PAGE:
We’ve had a lot of rain recently. That’s a good thing as it pulls Maryland out of a short lived drought. However, it’s not such a great thing for my gimpy passenger side windshield wiper. For a little while now, the passenger side wiper wouldn’t always move, and when it did, not very far. This kind of problem can often happen in colder areas where the wiper blade freezes to the window and then the driver (me) tries to use them. I got some good advice on fixing the windshield wiper arm and here’s what I did.
Broken Windshield Wiper Arm
In reality there were a few problems. Like I said, the wiper arm only moved intermittently. It seemed to work best on the middle speed but even that was spotty. Secondly, the wiper arm didn’t make a full motion. It had a short abbreviated stroke. Finally, the wiper arm would crash into the plastic guard on the down-stroke. The first two problems can occur because the nut securing the blade has come loose. The last problem happens when the blade position is misaligned.
How to Repair a Broken Windshield Arm
- Step 1: The wiper arm is connected with a nut behind a plastic cover. Remove the cover by hand. Be careful as the covers will break easily.
- Step 2: Remove the nut with a socket wrench.
- Step 3: To remove the wiper arm, put a little pressure on the base of the arm while pulling straight off the spindle. It may need a little jiggling to get started.
- Step 4: Inspect the connection between the spindle and wiper arm to see if it’s stripped. If so, you may need a professional to replace it.
- Step 5: From inside the car, turn on the wiper blades and let them complete a sweep. This step allows you to properly align the arm so it doesn’t crash into anything on the down-stroke.
- Step 6: I took some plumbers tape and wrapped it around the spindle. Ultimately, this is a temporary fix, but it should help make a tight connection between the arm and spindle.
- Step 7: Replace the wiper blade. Set it in the proper place on the windshield and press the arm onto the spindle.
- Step 8: Replace the nut. Tighten the nut, but not so tight the blade cannot move. Try it out before continuing.
- Step 9: Snap the plastic cover back into place.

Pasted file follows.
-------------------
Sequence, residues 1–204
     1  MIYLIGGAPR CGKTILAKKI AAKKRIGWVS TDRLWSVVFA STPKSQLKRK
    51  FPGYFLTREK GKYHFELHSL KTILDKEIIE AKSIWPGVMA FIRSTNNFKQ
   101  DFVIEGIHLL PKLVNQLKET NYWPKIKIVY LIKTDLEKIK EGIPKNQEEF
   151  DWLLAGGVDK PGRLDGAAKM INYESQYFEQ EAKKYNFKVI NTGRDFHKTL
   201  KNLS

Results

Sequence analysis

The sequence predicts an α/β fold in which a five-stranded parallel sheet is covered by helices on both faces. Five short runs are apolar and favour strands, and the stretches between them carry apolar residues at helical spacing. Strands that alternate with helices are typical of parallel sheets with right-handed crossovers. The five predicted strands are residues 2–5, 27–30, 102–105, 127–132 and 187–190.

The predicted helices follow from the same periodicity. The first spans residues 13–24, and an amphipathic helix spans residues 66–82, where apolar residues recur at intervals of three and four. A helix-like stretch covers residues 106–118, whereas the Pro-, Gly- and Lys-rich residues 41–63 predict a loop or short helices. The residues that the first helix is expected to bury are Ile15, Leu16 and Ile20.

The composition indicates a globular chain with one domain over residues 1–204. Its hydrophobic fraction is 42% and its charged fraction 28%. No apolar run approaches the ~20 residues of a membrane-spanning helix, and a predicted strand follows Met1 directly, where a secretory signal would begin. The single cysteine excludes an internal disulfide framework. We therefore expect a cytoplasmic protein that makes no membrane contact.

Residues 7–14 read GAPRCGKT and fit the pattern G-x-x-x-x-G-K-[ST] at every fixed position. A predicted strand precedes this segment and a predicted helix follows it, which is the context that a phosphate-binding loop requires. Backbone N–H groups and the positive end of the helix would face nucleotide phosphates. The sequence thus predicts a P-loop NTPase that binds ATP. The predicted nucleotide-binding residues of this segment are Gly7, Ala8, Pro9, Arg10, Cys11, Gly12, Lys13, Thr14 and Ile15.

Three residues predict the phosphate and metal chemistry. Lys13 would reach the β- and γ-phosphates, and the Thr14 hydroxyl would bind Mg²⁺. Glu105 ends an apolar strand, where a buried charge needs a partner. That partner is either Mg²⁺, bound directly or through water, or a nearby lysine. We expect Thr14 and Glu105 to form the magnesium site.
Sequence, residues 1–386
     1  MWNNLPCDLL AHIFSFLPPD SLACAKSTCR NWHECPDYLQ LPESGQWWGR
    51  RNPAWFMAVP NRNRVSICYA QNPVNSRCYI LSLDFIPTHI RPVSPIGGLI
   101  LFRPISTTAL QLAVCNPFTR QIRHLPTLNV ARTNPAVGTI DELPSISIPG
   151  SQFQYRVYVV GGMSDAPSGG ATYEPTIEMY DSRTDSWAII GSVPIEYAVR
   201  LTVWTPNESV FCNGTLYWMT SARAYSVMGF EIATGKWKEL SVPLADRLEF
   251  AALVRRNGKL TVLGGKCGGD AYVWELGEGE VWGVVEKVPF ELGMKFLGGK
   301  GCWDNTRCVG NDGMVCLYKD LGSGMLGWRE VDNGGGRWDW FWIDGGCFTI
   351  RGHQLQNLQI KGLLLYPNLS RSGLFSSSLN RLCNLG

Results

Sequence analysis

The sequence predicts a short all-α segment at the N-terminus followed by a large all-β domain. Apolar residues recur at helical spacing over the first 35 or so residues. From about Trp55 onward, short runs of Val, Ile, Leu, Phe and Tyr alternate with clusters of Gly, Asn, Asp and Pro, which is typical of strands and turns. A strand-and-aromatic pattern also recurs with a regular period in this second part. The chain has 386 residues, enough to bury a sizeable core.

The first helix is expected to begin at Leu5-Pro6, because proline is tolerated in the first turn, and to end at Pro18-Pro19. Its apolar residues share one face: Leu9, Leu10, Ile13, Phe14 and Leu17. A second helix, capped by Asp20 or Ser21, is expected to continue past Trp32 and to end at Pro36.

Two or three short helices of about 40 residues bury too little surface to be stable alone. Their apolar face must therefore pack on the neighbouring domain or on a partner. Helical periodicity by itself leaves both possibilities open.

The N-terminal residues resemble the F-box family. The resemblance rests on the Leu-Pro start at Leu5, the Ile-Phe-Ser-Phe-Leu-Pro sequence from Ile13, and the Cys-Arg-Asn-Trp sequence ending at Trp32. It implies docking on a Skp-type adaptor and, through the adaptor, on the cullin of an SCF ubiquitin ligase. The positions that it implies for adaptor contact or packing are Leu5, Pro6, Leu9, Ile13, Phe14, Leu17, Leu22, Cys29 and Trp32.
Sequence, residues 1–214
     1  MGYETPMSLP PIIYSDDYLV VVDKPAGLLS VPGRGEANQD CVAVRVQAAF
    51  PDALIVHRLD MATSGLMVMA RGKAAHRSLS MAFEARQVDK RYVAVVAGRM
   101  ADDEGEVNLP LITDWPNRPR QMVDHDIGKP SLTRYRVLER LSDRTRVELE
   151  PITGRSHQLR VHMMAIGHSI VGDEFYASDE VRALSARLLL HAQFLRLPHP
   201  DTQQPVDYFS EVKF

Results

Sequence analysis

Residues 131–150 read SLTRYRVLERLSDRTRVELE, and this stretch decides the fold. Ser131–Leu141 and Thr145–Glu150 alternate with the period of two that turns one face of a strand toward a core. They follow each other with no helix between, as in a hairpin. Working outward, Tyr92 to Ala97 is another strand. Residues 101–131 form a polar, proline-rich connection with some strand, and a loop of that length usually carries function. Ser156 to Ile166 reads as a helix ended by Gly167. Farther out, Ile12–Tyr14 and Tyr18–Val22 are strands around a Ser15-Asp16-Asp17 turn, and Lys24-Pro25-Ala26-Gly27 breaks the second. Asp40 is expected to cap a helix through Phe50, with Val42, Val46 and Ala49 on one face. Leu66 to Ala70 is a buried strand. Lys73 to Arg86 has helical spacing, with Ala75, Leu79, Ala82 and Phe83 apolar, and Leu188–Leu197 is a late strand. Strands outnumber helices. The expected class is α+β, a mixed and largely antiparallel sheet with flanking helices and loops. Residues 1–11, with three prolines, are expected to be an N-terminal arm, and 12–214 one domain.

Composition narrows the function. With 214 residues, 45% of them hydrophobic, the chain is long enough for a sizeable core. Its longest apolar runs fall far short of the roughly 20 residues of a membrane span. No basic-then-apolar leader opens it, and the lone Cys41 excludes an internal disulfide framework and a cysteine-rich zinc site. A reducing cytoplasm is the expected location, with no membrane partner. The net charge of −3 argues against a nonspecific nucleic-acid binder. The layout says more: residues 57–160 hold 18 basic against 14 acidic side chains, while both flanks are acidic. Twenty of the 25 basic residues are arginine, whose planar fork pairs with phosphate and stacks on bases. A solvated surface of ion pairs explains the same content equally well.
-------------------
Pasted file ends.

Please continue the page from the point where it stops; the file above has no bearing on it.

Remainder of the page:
What do you think? Ever fix a broken windshield wiper arm? Any tips to add?
Simple quick fix , thanks!
Wow, thanks for sharing this information. the wiper on the passenger side of my car has been broken for around a year now. I came across this post and sorted out the problem quickly. I would have done it sooner if I had known how easy it was going to be.
Thanks for the advice. I think ill use tin foil or special tape to recondition the spindle connection instead of plumbers tape. I had the bright idea of manually operation the blades to clear off a couple inches of snow, needless to say i stripped the connection but hopefully not too severely.
Thanks for the advice. My windshield wiper is fixed now, thanks to your suggestions. You made my day!!! 🙂
I have 2003 Avalon XLS 6-cyl – since last 2 days, the automatic wipers are not working correctly. They working at right speed, but once in a while they are getting stuck at any position momentarily, and then continue to do the work. I want to fix this before it totally stops working. Any suggestion to fix the problem is welcome.
This fix is stored in my memory. We drive old vehicles, and eventually, everything seems to need fixing! Thanks! Some tips to prevent blade problems in the winter: Before leaving the vehicle outside in falling temperatures, CLEAR the slush off the windshield/ wipers to prevent it from freezing the blades down. Before getting in your vehicle, visually inspect the blades for possible freezing, and try to lift them from the windshield. If they’re frozen to the glass, free them by gently using an ice scraper or a de- icer spray. If you don’t, and get in your vehicle, turning the wipers on may result in torn blades.
This fix does explain that a wiper arm is pressed onto the spindle and needs to be tight, but the suggestion of wrapping “plumber’s tape” or aluminum foil on the spindle will probably make the problem worse. The spindle and arm are usually splined and the spindle is made of a much harder metal than the arm. Many times the splines on the arm are worn off from movement while the nut is loose or trying to run the wipers while they are frozen to the windshield. Putting anything between them is going to make it easier for them to slip. In these cases where the arm splines are worn, there is often metal from the arm filling the grooves between the splines on the spindle. You can usually fix the situation by removing the arm and then cleaning out the grooves on the spindle. You will need a metal scribe or scratch awl to really clean out the grooves without damaging the splines. You may even be able to make the grooves deeper. Now, when you put the arm back on and tighten it down to the maximum torque permitted, the spindle splines should dig into the arm hole and lock them together again. However, if the hole in the arm has been so worn away that it is too big, then you will need a new arm. Sometimes it is just a little too big so that the locking nut bottoms out before pressing the arm on all of the way. Those situations can sometimes be remedied with the right-sized washer under the nut – one whose hole is big enough to not bottom out below the spindle’s threads and thick enough to keep the nut from running out of thread. I have no experience with spindle/arm joints that are not splined, but I might try cleaning them well and using a medium-strength thread-locking compound on them. Just be prepared to use a gear puller to get them apart if you do too good a job joining them.